Cross-channel promotion is nothing new in the still-strong cable and satellite TV distribution world. But channel-carriage promotion is another story. With growing numbers of new bandwidth-hungry HD channels, where is the endgame?
Comcast's recent takeover of NBC Universal has caused immediate changes as the company looks to boost carriage of its mid-size cable channels.
One newly acquired Comcast channel is Universal Sports, a modest 60 million subscriber sports network with a mix of carriage via cable, local digital TV stations, IPTV and other distributors. For the most part, Universal Sports positions itself as an Olympic sport channel -- featuring track & field, skiing, ice skating and gymnastics. Another key sport is professional cycling.
One of Comcast's pre-takeover channels is the 80-million subscriber Versus, mostly known for its NHL hockey games, mixed martial arts events, college football, and, for a long part of its heritage, cycling, including the granddaddy of all cycling events, the Tour de France.
So it probably doesn't come as much of a surprise that since Comcast's takeover, there has been heavy promotion to get Universal Sports better TV household distribution.
Part of this marketing plan seems to be promoting Universal Sports on the better-distributed Versus. Universal Sports' cycling events -- including the Giro d'Italia, the second largest grand tour after the Tour de France, and the Tour of the Basque Country -- were touted during Versus' recent airing of classic cycling events - the Tour of Flanders and Paris-Roubaix.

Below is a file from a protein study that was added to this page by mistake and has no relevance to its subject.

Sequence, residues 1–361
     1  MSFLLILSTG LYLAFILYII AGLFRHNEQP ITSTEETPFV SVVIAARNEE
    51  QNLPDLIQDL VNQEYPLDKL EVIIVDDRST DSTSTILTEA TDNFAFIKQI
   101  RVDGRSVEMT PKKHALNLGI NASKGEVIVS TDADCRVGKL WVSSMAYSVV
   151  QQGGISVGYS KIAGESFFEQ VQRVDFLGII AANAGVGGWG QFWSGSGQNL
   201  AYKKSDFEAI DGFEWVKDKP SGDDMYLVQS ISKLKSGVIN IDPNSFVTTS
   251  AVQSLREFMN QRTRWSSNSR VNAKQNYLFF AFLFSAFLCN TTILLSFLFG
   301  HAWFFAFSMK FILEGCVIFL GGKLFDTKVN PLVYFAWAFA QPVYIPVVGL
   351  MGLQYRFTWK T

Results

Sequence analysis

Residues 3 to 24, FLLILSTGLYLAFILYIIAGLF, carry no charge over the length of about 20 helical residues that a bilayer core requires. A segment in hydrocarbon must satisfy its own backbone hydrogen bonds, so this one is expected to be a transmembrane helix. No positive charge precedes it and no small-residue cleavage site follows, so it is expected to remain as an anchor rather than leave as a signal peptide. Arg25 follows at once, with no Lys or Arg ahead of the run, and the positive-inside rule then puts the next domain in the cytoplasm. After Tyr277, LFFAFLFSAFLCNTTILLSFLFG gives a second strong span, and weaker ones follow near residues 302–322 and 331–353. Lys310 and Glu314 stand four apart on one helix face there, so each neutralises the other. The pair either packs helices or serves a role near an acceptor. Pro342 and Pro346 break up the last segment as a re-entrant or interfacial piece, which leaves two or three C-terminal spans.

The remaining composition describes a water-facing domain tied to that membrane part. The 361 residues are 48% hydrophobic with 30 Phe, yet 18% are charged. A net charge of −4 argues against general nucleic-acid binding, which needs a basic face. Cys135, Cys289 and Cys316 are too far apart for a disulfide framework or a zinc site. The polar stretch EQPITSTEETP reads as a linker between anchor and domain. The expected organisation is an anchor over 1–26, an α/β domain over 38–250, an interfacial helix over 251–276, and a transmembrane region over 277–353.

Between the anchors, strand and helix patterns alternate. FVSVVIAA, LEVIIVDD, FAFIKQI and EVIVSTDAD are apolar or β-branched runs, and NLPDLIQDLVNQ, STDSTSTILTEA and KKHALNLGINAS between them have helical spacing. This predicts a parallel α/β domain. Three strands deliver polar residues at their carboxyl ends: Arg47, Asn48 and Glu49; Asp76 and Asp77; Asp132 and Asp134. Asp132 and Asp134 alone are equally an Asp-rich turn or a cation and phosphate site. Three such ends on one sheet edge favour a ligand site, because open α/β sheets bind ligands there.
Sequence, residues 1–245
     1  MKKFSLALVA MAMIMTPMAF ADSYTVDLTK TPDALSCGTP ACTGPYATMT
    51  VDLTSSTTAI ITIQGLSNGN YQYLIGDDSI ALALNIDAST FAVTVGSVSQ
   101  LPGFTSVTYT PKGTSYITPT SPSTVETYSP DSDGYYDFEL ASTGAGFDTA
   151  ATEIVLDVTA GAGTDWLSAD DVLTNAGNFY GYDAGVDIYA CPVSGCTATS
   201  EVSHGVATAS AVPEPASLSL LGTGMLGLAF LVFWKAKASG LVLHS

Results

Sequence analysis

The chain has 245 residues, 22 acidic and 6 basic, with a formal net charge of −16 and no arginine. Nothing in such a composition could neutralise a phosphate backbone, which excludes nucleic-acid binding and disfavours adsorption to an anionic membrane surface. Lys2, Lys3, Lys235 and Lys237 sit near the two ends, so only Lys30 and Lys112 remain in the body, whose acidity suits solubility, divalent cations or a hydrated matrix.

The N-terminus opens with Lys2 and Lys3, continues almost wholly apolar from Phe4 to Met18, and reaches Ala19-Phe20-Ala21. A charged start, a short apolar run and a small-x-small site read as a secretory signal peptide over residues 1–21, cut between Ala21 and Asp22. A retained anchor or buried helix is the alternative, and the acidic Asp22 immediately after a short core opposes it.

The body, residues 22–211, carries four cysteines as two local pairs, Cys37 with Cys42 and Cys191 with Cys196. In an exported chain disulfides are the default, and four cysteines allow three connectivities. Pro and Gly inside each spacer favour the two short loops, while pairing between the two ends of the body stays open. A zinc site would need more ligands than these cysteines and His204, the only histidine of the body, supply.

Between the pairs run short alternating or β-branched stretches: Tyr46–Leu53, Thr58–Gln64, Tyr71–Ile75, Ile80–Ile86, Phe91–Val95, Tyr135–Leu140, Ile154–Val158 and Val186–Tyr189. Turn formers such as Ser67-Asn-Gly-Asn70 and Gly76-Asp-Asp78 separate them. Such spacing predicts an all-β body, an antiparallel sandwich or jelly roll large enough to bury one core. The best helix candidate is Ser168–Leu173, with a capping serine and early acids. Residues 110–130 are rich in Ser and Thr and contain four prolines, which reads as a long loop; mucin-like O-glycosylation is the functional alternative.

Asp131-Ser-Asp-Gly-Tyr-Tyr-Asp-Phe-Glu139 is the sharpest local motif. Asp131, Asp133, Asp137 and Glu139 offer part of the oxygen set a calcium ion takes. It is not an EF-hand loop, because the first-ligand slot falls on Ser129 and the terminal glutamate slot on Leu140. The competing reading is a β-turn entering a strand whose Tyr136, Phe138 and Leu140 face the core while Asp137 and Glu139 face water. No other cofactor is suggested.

The message to cycling fans is clear: If you want more cycling coverage, just call your satellite or cable operator.
DirecTV carries Versus, but not Universal Sports. Last September, during a protracted contract carriage dispute with Comcast, DirecTV took Versus off the air for about a month, replacing it with NBC Universal's Universal Sports - which was airing another of the three-week grand tours of cycling, the Vuelta a Espana.
This type of on-air promotion isn't new. No doubt when ESPN or Discovery or others were in the throes of expanding their channel rosters, similar channel-carriage promotion activity arose.
But lately there has been a notable shift - as many established cable network groups slow their traditional cable network launches while pushing more Internet sites or mobile apps for TV content.
The massive Comcast takeover of NBC Universal has pushed the largest U.S. cable operator to find more traditional homes for its now larger channel, including some previously underserved NBC Universal networks. Other NBC micro-cable networks, Sleuth (soon to be called Cloo) and Chiller, will probably be getting the same marketing treatment, if they haven't done so already.
No doubt the days of gaining massive amounts of established cable or satellite consumers (IPTV operators have a different financial distribution position) are slowly ending.
But Comcast still has obvious leverage -- and intends to use it, especially to monetize its big controlling investment in NBC. It needs to find whatever few channel positions are left as they still represent the potential biggest pool of TV advertising and consumer revenue.